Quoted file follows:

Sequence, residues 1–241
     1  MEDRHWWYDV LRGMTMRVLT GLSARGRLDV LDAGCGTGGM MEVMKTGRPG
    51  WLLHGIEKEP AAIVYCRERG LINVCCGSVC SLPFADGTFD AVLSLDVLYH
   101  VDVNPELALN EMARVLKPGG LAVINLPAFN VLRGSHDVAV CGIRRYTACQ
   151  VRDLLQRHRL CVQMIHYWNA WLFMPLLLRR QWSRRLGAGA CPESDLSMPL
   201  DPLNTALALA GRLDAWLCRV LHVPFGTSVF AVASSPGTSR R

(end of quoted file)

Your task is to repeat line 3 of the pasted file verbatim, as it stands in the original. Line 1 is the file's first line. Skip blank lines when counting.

    51  WLLHGIEKEP AAIVYCRERG LINVCCGSVC SLPFADGTFD AVLSLDVLYH